I have no certainties about US Middle East policies except this one: almost any consistent policy is probably better than what we have been doing. We invaded Iraq without any clear goals, sent in the most incompetent proconsul since Roman times, then staggered to a conclusion that leaves us nearly broke without obvious benefits from a pair of costly wars that could have been handled by punitive expeditions. Indeed, the Afghan War was settled by a few special forces. The Taliban was taught in no uncertain terms not to harbor enemies of the United States. What more did we need? But we had to build democracy in a land that doesn’t want it. But enough rambling. I have good reason to believe that a Romney/Ryan administration will not put us through military adventures. They can’t afford to, and Ryan knows that.
The election won’t be fought on foreign policy issues anyway. Both Romney and Ryan have said it flat out: this is a referendum on which way America will go, further down the road to entitlement until ruin, or back toward liberty and responsibility. There will be talk about jobs and prosperity, and most of us who believe in freedom will argue that liberty is a better path to prosperity than regulation and central planning – but even if it were not, is not liberty important in its own right?
We are down at the beach house for the weekend. For the story of how we acquired a beach house, and last year’s communications problems, see http://www.chaosmanorreviews.com/oa/2011/20110711_col.php.
When you are on the road nowadays you are seldom far from some kind of Wifi connection. Hotels, airport waiting rooms and particularly airline lounge clubs, coffee shops – there are Wifi networks everywhere, but as luck would have it, there isn’t one anywhere near our beach condo. I used to have cable modem, but for good and sufficient reasons that’s not an option right now. Last year I solved the problem using the AT&T USB Connect 900, which I bought in the local AT&T store. The device looks like a large thumb drive, and it connects to a USB port, where it functions sort of like a cell phone. In fact, it really is a 3G cellphone, and actually has a cell phone number.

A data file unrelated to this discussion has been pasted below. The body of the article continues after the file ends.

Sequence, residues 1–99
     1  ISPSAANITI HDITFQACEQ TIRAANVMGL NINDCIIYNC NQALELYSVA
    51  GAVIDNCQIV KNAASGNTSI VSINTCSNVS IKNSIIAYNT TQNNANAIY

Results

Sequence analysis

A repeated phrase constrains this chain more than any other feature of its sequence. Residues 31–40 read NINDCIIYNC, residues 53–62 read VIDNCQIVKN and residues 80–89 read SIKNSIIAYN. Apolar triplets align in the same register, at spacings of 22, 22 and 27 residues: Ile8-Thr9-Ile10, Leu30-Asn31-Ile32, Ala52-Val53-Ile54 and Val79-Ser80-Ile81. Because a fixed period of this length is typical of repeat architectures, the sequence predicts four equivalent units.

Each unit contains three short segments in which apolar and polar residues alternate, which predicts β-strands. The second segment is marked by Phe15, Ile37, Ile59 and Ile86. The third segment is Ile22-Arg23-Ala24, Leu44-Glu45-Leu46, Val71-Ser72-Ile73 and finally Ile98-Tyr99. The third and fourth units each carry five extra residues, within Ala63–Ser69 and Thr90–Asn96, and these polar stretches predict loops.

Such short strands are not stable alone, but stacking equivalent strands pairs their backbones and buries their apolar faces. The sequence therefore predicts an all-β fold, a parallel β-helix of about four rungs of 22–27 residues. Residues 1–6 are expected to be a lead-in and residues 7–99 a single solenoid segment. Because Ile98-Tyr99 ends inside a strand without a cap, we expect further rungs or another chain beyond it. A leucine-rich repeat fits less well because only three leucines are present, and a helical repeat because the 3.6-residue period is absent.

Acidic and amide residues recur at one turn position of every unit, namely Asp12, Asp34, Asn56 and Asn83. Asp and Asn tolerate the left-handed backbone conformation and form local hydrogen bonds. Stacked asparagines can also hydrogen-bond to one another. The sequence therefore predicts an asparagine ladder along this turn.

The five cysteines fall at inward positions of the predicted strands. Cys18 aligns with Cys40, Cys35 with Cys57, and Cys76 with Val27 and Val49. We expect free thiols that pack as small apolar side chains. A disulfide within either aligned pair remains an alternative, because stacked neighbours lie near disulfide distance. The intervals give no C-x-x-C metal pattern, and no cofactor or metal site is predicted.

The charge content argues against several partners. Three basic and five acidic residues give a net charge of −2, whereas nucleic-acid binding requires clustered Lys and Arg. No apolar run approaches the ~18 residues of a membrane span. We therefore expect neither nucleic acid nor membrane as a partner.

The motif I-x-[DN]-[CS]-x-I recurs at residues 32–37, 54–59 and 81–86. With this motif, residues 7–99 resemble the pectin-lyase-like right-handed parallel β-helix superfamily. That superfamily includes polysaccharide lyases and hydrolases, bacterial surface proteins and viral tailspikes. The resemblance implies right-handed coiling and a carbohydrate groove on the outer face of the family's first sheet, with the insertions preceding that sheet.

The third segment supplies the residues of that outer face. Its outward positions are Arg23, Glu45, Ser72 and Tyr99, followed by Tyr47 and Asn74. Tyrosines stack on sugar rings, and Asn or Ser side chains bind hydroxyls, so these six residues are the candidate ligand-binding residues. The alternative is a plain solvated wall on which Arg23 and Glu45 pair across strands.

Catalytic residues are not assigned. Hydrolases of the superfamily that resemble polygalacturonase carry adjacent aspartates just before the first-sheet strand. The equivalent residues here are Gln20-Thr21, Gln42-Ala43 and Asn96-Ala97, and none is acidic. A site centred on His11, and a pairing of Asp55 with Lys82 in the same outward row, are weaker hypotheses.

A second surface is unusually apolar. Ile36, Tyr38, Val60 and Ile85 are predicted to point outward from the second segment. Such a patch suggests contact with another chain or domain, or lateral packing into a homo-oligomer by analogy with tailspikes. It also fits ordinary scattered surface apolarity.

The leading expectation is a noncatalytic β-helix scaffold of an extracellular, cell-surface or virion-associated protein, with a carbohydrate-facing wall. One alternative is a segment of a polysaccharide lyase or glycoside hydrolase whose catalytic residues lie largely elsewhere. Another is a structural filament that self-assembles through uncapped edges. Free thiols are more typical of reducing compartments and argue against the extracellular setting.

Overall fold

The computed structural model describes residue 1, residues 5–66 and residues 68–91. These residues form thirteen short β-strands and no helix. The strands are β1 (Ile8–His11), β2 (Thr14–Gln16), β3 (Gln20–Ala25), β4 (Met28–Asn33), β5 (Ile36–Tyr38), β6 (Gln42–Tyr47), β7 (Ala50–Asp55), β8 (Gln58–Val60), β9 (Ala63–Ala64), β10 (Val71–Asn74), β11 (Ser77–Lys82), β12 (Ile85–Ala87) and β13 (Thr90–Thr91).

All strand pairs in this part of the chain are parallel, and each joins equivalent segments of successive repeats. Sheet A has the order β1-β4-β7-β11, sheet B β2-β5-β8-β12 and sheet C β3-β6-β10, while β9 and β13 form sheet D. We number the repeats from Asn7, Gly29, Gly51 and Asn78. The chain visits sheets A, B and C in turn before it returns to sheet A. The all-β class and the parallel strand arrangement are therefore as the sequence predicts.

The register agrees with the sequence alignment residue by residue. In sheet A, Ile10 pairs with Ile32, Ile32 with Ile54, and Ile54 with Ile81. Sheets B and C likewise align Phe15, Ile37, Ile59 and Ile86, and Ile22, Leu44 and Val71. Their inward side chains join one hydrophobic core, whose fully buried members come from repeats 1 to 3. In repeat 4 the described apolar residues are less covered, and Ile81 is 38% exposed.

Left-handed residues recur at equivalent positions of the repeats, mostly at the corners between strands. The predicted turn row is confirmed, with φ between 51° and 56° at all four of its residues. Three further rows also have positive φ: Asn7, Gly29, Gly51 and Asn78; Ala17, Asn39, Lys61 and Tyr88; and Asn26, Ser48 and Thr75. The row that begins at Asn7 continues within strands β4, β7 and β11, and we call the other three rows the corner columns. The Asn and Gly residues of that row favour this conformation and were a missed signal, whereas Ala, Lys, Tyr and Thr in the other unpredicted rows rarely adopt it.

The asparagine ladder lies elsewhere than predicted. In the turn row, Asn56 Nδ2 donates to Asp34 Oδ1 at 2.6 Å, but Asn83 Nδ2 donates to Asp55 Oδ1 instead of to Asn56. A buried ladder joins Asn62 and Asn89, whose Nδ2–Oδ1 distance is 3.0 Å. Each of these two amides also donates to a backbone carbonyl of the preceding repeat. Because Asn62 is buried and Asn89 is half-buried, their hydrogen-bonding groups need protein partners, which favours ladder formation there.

When you get the Connect 900 you choose a data plan. You can choose to pay a monthly rate, but since you aren’t likely to use this when you have another option, that probably doesn’t make sense for most people. One option is a $50 prepayment. That’s good for one month or 5 GB of data, whichever gets used up first. After that, the Connect 900 will still connect to AT&T, and it will offer you the opportunity to buy more time or more gigabytes. I know that works because I have done it.
This time it didn’t work. I plugged in the Connect 900, it called home and connected to AT&T, then opened my browser, and a friendly message told me hello, please log in and buy some more time. AT&T even told me my log in name. It only wanted my password. That should have been all right. I had that written down in my log book, and for that matter the ThinkPad remembered the password because I had told it to, possibly foolish thing to do, and I won’t be doing it any more. The only problem is that while I remembered my password, and my computer remembered my password, AT&T didn’t. It kept telling me to log in. I cursed a bit, and got by with a dialup connection for a day or so, but it wasn’t much fun. When I first started doing Internet stuff including blogging – I can make a reasonable argument to having been the first blogger, although I didn’t call it that because I thing the word blog is ugly – we were almost all on dialup unless we were on an academic or government campus that had backbone connections, and we were all careful to keep our web sites simple and easy to use because there weren’t any high speed connections when we were on the road. Those were the days of hacking into a hotel’s telephone system just to get dialup. But nowadays almost everyone has high bandwidth, and web sites often make a dozen link calls, and bring in fancy graphics, and some web sites are nearly impossible for people on dialup, and I decided to go get my Connect 900 activated. The AT&T store is only a couple of miles away from my Mission Beach condo.